In this section, you will find:

  • Information on the location of the monastery
  • Biographies of the founder and the second abbot
  • Information on the monastery buildings


i. Location

Songdhammakalyani Monastery (SDKM) is situated on Petkasem hwy. the major highway leading from Bangkok to the south. One can literally continue on this Highway to the border connecting Thailand to Malaysia and through Malaysia to Singapore.
The temple is on the left, if you come from Bangkok, it is 53 kms. west of Bangkok. By bus, the bus driver will allow you to get off just in front of the temple. The landmark is a huge golden laughing Buddha in front of the temple.

Historically, Ven.Voramai Kabilsingh, the founder of the temple purchased the land from the Queen of King Rama VI in 1960. The lot is 6 rai (minimum allowable to build a temple) During King Rama VI’s reign he had  Sanamchan Summer Palace built in the city of Nakhonpathom, just 3 kms. further from the temple. The land in and around the area where the temple is now situated was previous own by the royal members. The lane next to the temple is still called “Trok Wang” which means “the palace lane.”


ii. Brief Biography of the founder, Ven. Ta Tao Fa Tzu (Voramai Kabilsingh)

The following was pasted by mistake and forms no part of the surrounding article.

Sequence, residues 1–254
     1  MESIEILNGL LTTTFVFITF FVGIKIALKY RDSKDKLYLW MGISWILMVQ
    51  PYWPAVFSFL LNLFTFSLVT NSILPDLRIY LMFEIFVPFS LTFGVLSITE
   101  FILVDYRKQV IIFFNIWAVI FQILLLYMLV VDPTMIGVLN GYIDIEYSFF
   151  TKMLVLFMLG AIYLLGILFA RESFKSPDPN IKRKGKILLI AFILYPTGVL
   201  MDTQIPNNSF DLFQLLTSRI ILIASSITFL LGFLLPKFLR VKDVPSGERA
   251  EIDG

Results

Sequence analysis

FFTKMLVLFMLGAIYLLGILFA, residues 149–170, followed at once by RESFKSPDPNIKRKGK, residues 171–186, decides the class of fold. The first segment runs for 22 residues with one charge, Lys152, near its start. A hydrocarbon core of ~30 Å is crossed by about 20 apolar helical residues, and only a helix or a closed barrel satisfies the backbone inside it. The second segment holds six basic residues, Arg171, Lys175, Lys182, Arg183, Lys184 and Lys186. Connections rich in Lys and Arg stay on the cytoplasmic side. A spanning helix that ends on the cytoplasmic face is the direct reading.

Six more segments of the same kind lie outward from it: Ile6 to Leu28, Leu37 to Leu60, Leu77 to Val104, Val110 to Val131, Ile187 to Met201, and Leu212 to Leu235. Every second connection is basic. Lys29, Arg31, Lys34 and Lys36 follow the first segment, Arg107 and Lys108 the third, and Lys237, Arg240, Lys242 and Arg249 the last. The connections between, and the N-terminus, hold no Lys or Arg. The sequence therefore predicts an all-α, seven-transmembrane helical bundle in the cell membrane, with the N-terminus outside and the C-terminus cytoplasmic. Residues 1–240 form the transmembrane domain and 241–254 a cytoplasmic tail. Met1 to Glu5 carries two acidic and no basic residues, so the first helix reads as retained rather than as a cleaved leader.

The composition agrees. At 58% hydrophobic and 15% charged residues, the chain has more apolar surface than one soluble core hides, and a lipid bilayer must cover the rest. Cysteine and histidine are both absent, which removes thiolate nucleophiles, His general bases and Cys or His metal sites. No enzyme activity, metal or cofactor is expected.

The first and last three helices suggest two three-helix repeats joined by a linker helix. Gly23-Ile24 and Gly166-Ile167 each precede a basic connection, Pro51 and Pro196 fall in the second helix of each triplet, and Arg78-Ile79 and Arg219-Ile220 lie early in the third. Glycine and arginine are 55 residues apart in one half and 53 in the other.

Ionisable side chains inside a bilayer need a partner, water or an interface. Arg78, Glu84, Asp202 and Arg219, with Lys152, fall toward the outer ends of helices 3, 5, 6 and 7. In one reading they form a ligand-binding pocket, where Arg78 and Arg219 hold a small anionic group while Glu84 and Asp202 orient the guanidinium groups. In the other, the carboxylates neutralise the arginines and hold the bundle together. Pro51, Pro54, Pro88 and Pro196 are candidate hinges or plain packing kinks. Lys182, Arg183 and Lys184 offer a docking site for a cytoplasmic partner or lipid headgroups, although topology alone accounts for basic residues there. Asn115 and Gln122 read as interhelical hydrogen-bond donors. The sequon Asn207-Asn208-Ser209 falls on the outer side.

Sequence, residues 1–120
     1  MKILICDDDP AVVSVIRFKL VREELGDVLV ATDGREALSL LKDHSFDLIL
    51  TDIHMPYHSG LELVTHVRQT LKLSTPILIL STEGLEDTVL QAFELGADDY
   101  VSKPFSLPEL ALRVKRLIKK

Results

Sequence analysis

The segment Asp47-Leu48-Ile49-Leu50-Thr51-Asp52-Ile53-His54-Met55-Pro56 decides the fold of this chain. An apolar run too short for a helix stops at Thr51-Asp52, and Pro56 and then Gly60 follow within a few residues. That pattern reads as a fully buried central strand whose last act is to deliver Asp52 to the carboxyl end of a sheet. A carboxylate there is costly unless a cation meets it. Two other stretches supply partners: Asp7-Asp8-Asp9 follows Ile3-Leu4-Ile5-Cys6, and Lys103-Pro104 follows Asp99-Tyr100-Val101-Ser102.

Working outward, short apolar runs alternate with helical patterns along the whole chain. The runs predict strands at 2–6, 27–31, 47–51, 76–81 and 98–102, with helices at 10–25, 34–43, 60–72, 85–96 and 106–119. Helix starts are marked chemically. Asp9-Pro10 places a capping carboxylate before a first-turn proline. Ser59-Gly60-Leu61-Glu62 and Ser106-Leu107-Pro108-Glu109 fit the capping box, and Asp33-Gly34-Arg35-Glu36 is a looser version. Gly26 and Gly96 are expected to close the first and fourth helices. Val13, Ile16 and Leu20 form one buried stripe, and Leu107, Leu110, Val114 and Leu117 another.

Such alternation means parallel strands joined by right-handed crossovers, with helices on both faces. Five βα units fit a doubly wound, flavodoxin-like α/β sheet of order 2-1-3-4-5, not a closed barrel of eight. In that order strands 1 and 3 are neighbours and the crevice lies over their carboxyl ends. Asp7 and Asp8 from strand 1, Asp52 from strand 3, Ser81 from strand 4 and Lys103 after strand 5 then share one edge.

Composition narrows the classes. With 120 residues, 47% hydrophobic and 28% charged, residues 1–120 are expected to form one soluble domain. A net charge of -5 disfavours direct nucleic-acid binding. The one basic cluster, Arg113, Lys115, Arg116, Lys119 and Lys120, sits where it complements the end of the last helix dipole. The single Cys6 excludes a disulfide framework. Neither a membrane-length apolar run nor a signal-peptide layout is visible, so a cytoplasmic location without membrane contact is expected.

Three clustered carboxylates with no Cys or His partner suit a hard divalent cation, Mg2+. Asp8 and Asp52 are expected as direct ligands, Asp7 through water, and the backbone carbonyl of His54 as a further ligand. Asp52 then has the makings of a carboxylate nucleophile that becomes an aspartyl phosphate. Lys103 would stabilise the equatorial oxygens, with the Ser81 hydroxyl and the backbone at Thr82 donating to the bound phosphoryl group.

Ven.Voramai Kabilsingh as she was known by her lay name, was born in 1908 in Rajburi province. She led a very colorful and interesting life. In 1972 she travelled by bicycle from Bangkok to Singapore.   She was the only Girl Scout to travel by bicycle.  It took her 29 days , a record that still stands today.
She was a writer, a poet, a novelist apart from being a teacher serving the Thai Government for the first part of her life. During II world war, she was married to Mr.K.Shatsena, a member of Parliament from Trang in the southern part of Thailand. With this connection, it changed her direction, and she had to stay in the south for a short period of time.
When her daughter, Chatsumarn Shatsena was born, she moved back to Bangkok mainly concerned about the quality of education for her child.
By accident, she became interested and curious about meditation and became further committed to study Buddhism directly from the texts, the Tripitaka.
She started publishing Buddhist monthly magazine in 1955 and kept on this commitment for 32 years.
She was inspired by the teaching of the Buddha and took her first ordination  in 1956 from Chaokhun Prommuni (Vice abbot of Wat Bavorn, a royal temple). That was how she started her monastic life. At this time, the ordination of women as monks (bhikkhuni) was not practiced in Thailand, 15 years later, in 1971 she went to Taiwan and received full ordination. She became the first Thai woman to have taken this full ordination properly as bhikkhuni.